How Social Media Impedes Empathy
How often a day do you check your phone? Is it Instagram notifying you that you have 250 likes on your selfie rather than 249? Is it that Facebook group chat that is always arguing about politics? Or is that news page reporting the tragic occurrence of another mass shooting striking fear into our hearts. Over the past two decades, social media has developed at an alarming pace, constantly upgrading to allow for the quickest way to spread information. Today, we are granted unlimited access to every database, website, and individualized profile with the press of a button. Didn’t think this kind of power came with a price? Unfortunately, it does.
Every human being possesses a trait called empathy which allows us to account for another person’s feelings, emotions, or experiences. Without empathy, it would be difficult to uphold a successful community for communication, cooperation, love and compassion would not exist. It is a vital trait for humanity to have; and yet it seems to be suffering since the emergence of technology. Studies show that technology and social media obstruct empathy in human beings, creating a generation of people who experience difficulty with putting themselves in another person’s shoes.
Social Media vs. Empathy
Social media has made forming connections with people across the world easier and more doable than ever before. It’s easy to think that these new connections would allow for an overall better understanding of one another, - it seems to hold the opposite effect. So then how does social media impede empathy? There are a few reasons that answer this question:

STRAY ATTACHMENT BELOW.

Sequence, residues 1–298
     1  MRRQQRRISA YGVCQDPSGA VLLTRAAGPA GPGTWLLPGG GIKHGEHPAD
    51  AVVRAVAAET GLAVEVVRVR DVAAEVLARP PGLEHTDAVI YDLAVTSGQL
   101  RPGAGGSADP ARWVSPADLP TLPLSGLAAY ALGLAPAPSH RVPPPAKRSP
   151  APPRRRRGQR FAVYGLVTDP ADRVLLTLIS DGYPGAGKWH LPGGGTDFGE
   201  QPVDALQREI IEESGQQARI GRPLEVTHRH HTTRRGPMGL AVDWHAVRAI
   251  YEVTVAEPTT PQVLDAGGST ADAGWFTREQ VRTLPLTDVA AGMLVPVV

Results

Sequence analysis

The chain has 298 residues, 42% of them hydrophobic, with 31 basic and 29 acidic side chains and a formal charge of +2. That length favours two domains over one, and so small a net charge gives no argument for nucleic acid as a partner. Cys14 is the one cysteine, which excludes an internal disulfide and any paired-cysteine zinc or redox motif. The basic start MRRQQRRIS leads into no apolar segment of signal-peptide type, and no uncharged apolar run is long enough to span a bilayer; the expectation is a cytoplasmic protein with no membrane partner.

We Witness the Same Experiences Over and Over Again
Compassion fatigue is a common phenomenon in which an individual becomes numb to tragic incidents as a result of frequently seeing it. Our brains can only handle so much emotional stress and when we have constant access to these traumas, they become so overbearing that our brains actually shut them out. This phenomenon has always existed; however, the emergence of technology has only enhanced it, since it is always accessible to us. Every day there is a new notification on our cellphones by some news sources informing us of yet another tragic mass shooting clouding our hearts. If we go on Twitter or Facebook we see people endlessly writing out their inconveniences and problems. When we see this over and over again we begin to lose the ability to feel empathy.